Phnom Penh Post
Four garment workers, three of them female, were injured yesterday morning when company and police officials clashed with protesters, union representatives said yesterday.
During demonstrations for the reinstatement of fired workers and back pay, authorities beat two workers unconscious at a protest in front of the Master and Frank factory in Kandal province’s Ang Snuol district, while factory security officers injured two protesters at the Conpress Holdings factory in Phnom Penh’s Meanchey district, the union representatives said.
About 50 district police officials hit protesters with electric batons as they attempted to push back the crowd of 300 at Master and Frank, knocking out a man and a pregnant woman in the process, said Saom Sokhim, a Coalition of Cambodian Apparel Workers’ Democratic union member.
“We sent them to the district hospital,” he said, adding that the workers were protesting to demand the factory reinstate 11 union members fired over the past four months, and that it pay workers their lunch wages, which were three days late.
The company had accused the fired union members of inciting the workers to protest, he said.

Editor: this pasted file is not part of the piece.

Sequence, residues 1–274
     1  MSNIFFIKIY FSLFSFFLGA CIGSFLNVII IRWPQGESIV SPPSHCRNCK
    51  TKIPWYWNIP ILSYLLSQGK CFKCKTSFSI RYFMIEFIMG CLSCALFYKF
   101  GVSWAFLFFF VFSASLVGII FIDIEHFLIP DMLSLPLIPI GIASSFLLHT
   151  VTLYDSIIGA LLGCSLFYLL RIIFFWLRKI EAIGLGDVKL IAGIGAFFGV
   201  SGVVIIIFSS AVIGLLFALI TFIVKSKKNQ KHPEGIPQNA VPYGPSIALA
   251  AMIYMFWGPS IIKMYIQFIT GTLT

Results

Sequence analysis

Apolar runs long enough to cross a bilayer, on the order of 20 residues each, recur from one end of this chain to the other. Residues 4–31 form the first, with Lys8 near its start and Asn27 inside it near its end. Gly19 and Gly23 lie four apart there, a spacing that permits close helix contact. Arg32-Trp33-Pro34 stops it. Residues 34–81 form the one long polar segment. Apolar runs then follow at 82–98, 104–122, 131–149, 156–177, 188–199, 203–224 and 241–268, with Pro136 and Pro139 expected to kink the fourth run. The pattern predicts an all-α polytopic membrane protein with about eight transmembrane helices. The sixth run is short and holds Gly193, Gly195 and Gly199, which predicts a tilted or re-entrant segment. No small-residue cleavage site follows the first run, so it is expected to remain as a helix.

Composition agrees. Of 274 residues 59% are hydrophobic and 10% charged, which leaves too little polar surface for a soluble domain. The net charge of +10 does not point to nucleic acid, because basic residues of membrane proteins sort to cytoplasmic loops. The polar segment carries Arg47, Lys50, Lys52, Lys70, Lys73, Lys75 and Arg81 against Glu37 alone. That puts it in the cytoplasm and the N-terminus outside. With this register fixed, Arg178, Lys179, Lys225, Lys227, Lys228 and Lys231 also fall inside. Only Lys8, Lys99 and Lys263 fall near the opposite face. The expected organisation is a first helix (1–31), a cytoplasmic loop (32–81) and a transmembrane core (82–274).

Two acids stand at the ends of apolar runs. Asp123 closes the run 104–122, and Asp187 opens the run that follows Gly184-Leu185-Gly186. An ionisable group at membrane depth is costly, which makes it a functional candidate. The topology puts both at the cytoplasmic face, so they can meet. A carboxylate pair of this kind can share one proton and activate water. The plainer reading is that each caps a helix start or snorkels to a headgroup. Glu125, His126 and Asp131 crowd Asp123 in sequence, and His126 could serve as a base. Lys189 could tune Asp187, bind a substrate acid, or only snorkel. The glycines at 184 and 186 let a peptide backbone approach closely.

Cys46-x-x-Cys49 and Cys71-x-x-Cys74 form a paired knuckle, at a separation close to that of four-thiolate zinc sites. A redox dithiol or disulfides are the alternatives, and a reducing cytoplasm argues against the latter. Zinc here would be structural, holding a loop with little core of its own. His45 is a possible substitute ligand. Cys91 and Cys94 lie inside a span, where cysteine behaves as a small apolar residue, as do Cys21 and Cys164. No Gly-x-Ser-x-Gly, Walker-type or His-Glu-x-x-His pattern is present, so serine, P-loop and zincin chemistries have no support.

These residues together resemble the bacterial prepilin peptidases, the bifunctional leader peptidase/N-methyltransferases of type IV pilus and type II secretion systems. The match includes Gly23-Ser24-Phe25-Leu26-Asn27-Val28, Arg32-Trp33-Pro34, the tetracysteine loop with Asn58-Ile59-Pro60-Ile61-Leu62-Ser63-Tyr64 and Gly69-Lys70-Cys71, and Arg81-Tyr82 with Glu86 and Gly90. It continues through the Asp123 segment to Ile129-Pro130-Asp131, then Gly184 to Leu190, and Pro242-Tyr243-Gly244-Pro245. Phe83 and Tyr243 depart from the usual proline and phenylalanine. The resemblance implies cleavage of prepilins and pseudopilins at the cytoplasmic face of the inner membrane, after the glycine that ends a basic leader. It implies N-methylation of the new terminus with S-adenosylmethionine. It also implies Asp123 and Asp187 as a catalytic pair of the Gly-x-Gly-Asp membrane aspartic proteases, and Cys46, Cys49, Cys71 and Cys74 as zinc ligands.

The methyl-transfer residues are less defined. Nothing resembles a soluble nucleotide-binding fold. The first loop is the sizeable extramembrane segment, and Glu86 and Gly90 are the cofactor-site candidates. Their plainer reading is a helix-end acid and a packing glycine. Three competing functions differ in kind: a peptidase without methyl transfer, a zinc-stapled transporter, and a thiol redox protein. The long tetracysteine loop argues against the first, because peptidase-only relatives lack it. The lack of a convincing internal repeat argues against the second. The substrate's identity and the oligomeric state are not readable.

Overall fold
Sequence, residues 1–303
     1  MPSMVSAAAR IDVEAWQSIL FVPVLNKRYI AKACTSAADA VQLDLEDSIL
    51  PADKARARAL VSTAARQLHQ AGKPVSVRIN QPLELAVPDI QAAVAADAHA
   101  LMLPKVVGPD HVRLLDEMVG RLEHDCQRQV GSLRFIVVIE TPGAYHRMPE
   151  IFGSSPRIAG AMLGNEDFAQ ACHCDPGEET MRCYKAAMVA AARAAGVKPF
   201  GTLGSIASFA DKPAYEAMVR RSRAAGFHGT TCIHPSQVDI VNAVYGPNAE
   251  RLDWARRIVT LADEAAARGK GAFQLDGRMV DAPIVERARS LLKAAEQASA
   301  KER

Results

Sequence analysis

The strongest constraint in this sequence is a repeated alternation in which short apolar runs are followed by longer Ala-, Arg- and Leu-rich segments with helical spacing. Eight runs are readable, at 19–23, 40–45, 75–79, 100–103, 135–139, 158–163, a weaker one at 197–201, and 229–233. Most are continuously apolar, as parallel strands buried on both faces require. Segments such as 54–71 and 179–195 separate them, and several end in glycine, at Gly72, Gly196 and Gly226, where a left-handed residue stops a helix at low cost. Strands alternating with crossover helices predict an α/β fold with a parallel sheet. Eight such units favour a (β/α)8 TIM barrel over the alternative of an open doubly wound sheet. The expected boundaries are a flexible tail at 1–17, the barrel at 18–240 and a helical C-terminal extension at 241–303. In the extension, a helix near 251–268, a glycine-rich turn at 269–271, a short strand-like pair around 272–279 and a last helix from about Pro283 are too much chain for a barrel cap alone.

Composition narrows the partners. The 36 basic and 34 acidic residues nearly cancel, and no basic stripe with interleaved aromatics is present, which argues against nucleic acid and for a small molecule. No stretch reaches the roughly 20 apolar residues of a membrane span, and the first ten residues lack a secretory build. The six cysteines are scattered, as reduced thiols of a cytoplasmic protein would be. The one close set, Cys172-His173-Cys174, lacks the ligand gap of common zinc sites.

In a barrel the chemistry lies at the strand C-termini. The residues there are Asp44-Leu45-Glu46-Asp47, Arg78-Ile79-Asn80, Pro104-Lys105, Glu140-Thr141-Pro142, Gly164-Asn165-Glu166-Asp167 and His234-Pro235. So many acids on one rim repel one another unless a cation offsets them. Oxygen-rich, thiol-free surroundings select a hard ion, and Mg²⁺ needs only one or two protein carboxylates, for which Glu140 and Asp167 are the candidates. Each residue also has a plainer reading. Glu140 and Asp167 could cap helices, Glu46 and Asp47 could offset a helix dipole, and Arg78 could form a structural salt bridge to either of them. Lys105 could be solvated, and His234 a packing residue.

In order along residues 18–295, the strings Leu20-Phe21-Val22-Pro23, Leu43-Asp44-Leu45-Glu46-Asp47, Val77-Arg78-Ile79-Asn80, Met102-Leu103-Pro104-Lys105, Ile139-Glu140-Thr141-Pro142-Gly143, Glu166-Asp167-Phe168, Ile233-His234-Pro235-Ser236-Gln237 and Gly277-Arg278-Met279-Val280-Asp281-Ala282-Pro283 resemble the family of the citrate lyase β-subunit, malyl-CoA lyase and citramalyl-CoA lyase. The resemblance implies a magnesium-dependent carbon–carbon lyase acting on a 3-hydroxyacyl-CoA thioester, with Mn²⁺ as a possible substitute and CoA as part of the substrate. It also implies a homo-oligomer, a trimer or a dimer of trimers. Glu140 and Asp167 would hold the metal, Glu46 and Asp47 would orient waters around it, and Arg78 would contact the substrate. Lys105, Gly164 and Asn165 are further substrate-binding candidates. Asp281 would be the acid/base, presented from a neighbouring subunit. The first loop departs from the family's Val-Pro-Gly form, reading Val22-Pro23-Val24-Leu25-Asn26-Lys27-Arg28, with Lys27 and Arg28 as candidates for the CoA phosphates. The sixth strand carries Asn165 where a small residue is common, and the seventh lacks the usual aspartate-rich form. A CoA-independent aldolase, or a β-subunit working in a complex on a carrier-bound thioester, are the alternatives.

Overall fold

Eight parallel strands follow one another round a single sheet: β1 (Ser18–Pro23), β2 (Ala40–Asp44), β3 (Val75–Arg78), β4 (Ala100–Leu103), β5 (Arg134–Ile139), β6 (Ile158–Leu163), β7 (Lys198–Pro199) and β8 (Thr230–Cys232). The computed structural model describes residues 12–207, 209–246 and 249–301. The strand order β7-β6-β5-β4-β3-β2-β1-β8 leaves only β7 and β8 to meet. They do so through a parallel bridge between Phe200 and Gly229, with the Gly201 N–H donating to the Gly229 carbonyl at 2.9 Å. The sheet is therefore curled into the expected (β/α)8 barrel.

An Ang Snuol district police official who asked to remain anonymous denied authorities had used violence against the protesters.
The workers said they planned to protest in front of the Ministry of Interior yesterday evening or today.
Meanwhile, Conpress Holdings factory security officers injured two workers while throwing rocks and using fire extinguishers against more than 200 protesters who were burning tyres in front of the factory, according to Free Trade Union officer Ry Sithinet.
He said security officers used fire extinguishers to put out the blazing tyres but also sprayed the nearby workers and threw stones at them, injuring two women in the hand and torso.
The workers, then in the second day of protesting, threw rocks back at the officials, he added.
The protesters are demanding the factory reinstate six union members sacked in the past two months and cease discriminating against union members and forcing employees to work overtime, he said.
“The local authorities went down to intervene, but they did not find a resolution, and they asked us do not burn tyres anymore,” he said.
“The workers went home after the factory injured the workers and played its speakers very loudly to disturb our protest, but we will protest again tomorrow in the early morning.”
Administrative manager for Conpress Holding, Thun Bunny, yesterday denied the workers’ claims that security officers had used violence against them.
“We just tried to put out the fire when they burned [the tyres],” he said. “We have a camera that hangs on the door of the factory, so we have evidence to show who is wrong and who is right.”
Bunny said he had asked the company lawyer to pursue legal action against the workers for the protest.
To contact the reporter on this story: May Titthara at firstname.lastname@example.org